Cooperstown Crier - Your Source for Hometown News - Cooperstown, Baseball Hall of Fame

August 1, 2013

OUR READERS' OPINIONS

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Cooperstown Crier

---- — Cooperstown Pride

Is there anything that will make the certain core of chronic complaining Cooperstown merchants content? Whether it is crucifying the mayor and trustees, pointing fingers at the Baseball Hall of Fame when visitation statistics are lower than a previous year, major concerts not fulfilling their perceived expectations, the criticism goes on and on. I do not witness these same repeated nay-sayers seeking political office. I do not see them involved in community volunteerism. I do not see them getting involved in a cross-section of community events and building networks to become informed and contributing time beyond their own business. While they generate complaint after complaint, they rarely accept responsibility for themselves and their own actions. It’s also interesting to note that the criticisms nearly all come to surface after the fact … not during the process. Why do these complainers cite the Ripken induction as the benchmark for success? You know what I’m getting at.

Thankfully, the majority of our merchants realize it takes a team approach, a spirit of cooperation, looking beyond one’s own interests and having an informed attitude that contributes to an overall healthy community. These same merchants are among the best in exhibiting gracious hospitality to everyone, positive outlooks and simply and obviously do not join in every opportunity to criticize some things or people. They do not jump on board to subscribe to actions that only degrade our village and all of us that care deeply about it. We recognize you merchants and thank you.

We appear to have a vibrant business community for a village of less than 2,000 people. Rarely are there empty (out of business) stores that aren’t quickly filled. If one takes the time to count, there are many fewer baseball businesses than some are quick to admit. Comparing our business community to yesteryear’s is just not realistic nor fair … the environment, in general, has dramatically changed … and we are all responsible, in some way, for this. We as a populous have changed and so have our preferences. We also have many more businesses in the greater Cooperstown area than yesteryear (upstairs & down, alleys, Rt. 28, etc.) so something is working well ... and it would be a welcome change to hear and read some of the successes ... and positive references to life and business in Cooperstown.

Our community is so blessed with a wealth of natural resources enjoyed by many. We also have a huge diversity of cultural, recreational, people and shopping offerings never imagined by a community of this size and visited by people from around the world. I extend my appreciation to everyone who is doing their part as a responsible resident and store operator to keep our “home” one we are all proud of and welcoming to visitors.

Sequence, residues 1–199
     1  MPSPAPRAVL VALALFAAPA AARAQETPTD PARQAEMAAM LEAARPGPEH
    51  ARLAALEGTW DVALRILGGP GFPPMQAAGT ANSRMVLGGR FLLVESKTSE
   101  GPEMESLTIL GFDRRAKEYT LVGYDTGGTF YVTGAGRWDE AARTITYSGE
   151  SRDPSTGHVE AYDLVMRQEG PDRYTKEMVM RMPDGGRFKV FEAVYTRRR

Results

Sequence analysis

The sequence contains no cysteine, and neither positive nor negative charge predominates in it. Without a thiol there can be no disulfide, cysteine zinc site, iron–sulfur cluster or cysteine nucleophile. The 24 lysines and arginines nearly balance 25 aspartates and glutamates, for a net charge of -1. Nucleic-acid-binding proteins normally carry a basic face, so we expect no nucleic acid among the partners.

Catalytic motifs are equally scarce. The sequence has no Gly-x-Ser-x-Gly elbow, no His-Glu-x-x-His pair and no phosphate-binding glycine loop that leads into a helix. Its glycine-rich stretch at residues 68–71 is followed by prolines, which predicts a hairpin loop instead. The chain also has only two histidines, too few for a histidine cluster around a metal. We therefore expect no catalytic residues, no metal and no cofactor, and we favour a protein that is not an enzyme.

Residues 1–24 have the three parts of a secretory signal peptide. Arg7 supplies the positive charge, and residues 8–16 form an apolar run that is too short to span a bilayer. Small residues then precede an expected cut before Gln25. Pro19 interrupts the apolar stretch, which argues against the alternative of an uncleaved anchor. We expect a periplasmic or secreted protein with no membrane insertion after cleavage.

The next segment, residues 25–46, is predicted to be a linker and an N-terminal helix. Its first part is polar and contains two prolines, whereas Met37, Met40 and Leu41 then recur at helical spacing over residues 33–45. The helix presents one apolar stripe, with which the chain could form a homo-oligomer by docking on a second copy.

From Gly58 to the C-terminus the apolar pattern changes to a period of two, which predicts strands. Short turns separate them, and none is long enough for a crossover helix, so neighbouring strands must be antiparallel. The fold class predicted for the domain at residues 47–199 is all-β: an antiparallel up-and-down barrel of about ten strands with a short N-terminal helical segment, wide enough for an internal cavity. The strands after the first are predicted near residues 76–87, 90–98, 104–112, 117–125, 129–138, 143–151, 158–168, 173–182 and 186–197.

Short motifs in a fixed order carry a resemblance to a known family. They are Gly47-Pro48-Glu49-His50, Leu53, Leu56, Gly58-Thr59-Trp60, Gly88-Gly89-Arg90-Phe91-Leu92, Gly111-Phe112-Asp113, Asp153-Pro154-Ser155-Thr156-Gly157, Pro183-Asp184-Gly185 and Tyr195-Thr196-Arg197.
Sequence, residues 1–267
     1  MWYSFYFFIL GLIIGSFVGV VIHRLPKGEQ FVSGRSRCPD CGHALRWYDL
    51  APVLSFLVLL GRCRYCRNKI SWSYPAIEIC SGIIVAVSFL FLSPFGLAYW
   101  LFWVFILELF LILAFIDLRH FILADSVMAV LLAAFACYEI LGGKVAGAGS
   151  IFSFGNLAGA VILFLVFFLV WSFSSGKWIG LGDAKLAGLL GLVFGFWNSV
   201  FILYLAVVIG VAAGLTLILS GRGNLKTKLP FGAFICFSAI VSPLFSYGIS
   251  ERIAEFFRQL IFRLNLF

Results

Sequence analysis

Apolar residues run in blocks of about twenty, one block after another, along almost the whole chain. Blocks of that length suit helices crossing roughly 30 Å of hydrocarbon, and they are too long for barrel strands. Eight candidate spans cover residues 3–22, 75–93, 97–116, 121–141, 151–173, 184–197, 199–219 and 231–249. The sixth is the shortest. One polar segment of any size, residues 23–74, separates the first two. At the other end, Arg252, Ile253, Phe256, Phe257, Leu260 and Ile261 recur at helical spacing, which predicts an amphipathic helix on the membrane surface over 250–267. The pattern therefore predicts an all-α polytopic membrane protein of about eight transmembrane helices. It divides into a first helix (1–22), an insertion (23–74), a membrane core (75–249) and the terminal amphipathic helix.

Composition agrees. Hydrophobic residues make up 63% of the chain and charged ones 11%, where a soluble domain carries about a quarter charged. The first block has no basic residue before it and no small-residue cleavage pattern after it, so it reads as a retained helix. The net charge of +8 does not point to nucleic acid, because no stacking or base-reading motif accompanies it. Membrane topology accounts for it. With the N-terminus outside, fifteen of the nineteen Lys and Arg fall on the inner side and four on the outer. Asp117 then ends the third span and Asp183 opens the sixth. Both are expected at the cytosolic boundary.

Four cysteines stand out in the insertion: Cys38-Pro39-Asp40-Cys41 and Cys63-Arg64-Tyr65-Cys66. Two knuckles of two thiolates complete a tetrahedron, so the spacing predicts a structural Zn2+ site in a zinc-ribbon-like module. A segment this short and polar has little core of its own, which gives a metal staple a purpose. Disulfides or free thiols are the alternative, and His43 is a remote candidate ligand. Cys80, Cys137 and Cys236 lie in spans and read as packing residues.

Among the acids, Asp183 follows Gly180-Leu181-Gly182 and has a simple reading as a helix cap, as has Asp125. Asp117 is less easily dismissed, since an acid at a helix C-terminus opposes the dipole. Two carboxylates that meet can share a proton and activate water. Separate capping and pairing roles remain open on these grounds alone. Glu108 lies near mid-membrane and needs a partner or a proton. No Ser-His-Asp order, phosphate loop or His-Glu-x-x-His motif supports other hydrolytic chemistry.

Text ColorSwatch/NoneStrokeStyle/$ID/SolidText ColorSwatch/NoneStrokeStyle/$ID/Solid$ID/NothingText ColorText Color$ID/NothingText ColorText ColorRich McCaffery

Cooperstown

 

Visitors enjoyed concert

On behalf of my wife, Michelle and my friends, Terry and Kennedy, I would like to express my gratitude to the village of Cooperstown for our treatment during the weekend of the Furthur concert. I applaud the village’s common sense approach to Shakedown Street. As a veteran of over 100 GD shows and close to 40 Furthur shows I have seen a variety of towns and their handling of the situation. Some form of Shakedown is going to happen, whether you like it or not. You can’t spend a lot of resources trying to forbid it or try to coordinate the situation.

It is unfortunate that Ms. LeFond feels the way she does. Our crew ate in your restaurants, bought souvenirs in your shops, and bought gas and other sundry items in your stores, we also rented rooms to the tune of $400. Even the folks vending on Shakedown need to buy gas, ice, food, and a gigantic variety of other items in your village. The townfolk also were able to sell parking spaces. There is no way this event was not a boon to the village financially and culturally. We also spent a bunch at the HOF and even ordered online after returning home. We are also looking forward to returning to see the sites we missed in our short weekend, as well as singing the village’s praises to other potential patrons. We spent upwards of $1,500 in your beautiful village. That is four people. I would be interested to know how much money was spent in your village related to Furthur vs. no Furthur. I realize the baseball tournament went on at the same time. Sometimes an investment at some cost or compromise of the norm leads to a bigger benefit for the whole. Miss LeFond, do you not think any of us spent any money in your shop or the Paterno’s?

I apologize for the less courteous of the Furthur crowd that littered and may have been a burden. I cannot express our gratitude enough at your village’s hospitality. Thank you.

J. Kevin Smith

Hagerstown, Md.

To the Cooperstown Village Crew

I am many people of Cooperstown were very disappointed that the mayor and the village Board of trustees invited the Grateful Dead legends to our village knowing the reputation of the group that followed the band.

I know what Doubleday Field and parking lot looked like on Monday morning.

I saw it.

I know of the mounds of garbage that was left by the loving and peaceful group. Garbage that included beer cans, dirty diapers, urine, feces, syringes, etc., etc.

I personally thank Kurt and the village crew for the wonderful clean up of a disgusting and very unhealthy mess. You guys did an outstanding job. Thank you.

Joan P. Clark

Cooperstown